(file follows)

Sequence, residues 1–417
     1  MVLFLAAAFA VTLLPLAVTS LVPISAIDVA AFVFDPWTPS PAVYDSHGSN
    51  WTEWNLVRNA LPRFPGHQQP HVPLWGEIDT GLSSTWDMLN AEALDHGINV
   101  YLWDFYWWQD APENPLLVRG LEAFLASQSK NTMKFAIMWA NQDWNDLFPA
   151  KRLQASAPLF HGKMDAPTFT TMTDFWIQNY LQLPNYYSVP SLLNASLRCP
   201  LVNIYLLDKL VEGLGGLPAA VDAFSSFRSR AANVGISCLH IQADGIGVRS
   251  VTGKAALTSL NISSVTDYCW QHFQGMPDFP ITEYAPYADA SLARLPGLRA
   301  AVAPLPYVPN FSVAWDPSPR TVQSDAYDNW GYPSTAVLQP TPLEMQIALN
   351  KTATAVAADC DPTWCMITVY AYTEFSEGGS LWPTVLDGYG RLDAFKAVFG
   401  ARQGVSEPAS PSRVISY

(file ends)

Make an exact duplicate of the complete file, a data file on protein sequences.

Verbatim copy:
Sequence, residues 1–417
     1  MVLFLAAAFA VTLLPLAVTS LVPISAIDVA AFVFDPWTPS PAVYDSHGSN
    51  WTEWNLVRNA LPRFPGHQQP HVPLWGEIDT GLSSTWDMLN AEALDHGINV
   101  YLWDFYWWQD APENPLLVRG LEAFLASQSK NTMKFAIMWA NQDWNDLFPA
   151  KRLQASAPLF HGKMDAPTFT TMTDFWIQNY LQLPNYYSVP SLLNASLRCP
   201  LVNIYLLDKL VEGLGGLPAA VDAFSSFRSR AANVGISCLH IQADGIGVRS
   251  VTGKAALTSL NISSVTDYCW QHFQGMPDFP ITEYAPYADA SLARLPGLRA
   301  AVAPLPYVPN FSVAWDPSPR TVQSDAYDNW GYPSTAVLQP TPLEMQIALN
   351  KTATAVAADC DPTWCMITVY AYTEFSEGGS LWPTVLDGYG RLDAFKAVFG
   401  ARQGVSEPAS PSRVISY